Heroin is injected, sniffed, snorted, or smoked. Some people speedball it or mix it with crack cocaine. Once consumed, heroin enters the brain quickly and attaches to opioid receptors on cells in brain regions that control heart rate, sleep patterns, breathing, and sections involved in pain and pleasure perception.
Short-term symptoms of heroin addiction include having a constantly dry mouth, a warm flushing of the skin, heavy feelings in the arms and legs, nausea and vomiting, severe itching, and clouded mental functioning.
Reports from the different drug rehab centers near me on the long-term symptoms indicate that insomnia, collapsed veins (for people who inject the drug), damaged tissue inside the nose (for people who sniff or snort the drug), infection of the heart lining and valves, abscesses, constipation, and stomach cramping, liver and kidney disease, lung complications (including pneumonia), mental disorders such as depression and antisocial personality disorder, sexual dysfunction for men, and irregular menstrual cycles for women are pretty rampant among heroin users.
- Benzodiazepine addiction
I recently learned from a drug and alcohol rehab near me that benzodiazepines, or benzos, are medications known as tranquilizers. Although they have a calming effect, benzos are highly addictive, and a person who abuses them experiences a host of symptoms. The healthcare provider I sought help from to understand what benzo addiction is about informed me that benzos belong to the prescription sedative class of drugs.
Some of the physical, psychological, and behavioral symptoms of benzo addiction that have been reported by alcohol and drug treatment centers near me include weakness, blurred vision, drowsiness, poor judgment or thinking, doctor shopping, mood changes, seizures, muscle spasms, anxiety, and risk-taking behaviors such as driving under the influence of benzos.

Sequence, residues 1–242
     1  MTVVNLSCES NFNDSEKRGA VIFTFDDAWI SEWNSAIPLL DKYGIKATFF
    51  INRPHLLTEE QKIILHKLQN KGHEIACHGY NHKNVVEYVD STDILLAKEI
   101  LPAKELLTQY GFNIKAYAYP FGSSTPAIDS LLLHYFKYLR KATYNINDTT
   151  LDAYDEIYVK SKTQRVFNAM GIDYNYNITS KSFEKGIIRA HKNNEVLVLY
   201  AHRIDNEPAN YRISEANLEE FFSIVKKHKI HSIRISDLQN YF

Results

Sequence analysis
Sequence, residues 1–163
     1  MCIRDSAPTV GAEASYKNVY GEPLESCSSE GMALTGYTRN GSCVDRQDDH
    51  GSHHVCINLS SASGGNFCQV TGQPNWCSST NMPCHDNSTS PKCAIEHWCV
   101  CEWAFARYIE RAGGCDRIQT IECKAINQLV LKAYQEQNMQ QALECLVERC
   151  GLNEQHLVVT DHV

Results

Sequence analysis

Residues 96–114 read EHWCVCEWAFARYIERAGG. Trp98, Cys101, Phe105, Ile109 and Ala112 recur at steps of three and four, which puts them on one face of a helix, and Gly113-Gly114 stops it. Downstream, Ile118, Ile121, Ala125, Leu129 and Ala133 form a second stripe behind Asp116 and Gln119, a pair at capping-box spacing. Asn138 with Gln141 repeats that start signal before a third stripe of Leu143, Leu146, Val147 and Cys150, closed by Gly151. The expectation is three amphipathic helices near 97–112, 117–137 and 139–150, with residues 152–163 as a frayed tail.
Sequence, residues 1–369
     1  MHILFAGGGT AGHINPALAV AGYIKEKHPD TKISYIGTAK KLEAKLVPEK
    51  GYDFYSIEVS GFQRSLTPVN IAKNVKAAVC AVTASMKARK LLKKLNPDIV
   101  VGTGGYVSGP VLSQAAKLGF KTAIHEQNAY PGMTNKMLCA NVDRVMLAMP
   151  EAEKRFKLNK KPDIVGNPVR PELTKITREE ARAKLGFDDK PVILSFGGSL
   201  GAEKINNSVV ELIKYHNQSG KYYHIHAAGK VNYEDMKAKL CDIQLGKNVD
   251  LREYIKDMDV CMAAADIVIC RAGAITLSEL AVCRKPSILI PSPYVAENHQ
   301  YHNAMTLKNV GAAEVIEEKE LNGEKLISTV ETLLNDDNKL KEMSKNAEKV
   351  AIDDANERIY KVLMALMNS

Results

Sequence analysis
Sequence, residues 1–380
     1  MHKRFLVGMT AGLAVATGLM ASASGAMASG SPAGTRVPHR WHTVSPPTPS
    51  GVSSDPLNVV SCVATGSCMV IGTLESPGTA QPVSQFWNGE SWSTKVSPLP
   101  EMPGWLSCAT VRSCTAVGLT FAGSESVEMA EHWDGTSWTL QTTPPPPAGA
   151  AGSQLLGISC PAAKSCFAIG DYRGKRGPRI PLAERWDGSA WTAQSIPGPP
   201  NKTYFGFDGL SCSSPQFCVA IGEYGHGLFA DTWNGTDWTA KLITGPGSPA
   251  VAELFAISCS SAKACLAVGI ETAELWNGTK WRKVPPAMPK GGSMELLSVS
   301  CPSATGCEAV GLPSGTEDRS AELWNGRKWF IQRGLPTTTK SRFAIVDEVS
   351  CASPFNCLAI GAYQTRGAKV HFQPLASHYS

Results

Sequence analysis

Treatment for drug addiction
At an awareness workshop organized by leading drug rehab centers in Hillsboro, college students in the area were introduced to the treatments available for drug addiction. The overarching message was that a good treatment for drug addiction must help the addicted person stop using drugs, stay drug-free, and be productive in their family, work, and society.
No single treatment is suitable for everyone. That is why treatment must be customized to an individual’s needs. A range of care with a tailored treatment program and follow-up options can be crucial to successful recovery from drug addiction.
Treatment should include medical and mental health services diagnosed at the initial stage of the addiction recovery journey. Many options have successfully treated drug addiction by leading drug rehab centers near me. They include:
- Behavioral counseling
- Medical devices and applications treat withdrawal symptoms or deliver skills training.
- Evaluation of and treatment for co-occurring mental health issues such as depression and anxiety.
- To prevent relapse, long-term follow-up includes community- or family-based recovery support systems.
How can I find a good drug rehab near me?
Finding a good drug rehab near you can sometimes be pretty challenging. That is why Another Chance helps individuals with information about excellent drug rehab centers in Hillsboro and other areas like Portland, Beaverton, etc. If you need help regarding drug addiction, they are always on hand to provide the necessary assistance. You can connect with them today by calling (971) 272-8968 or via email at [email protected].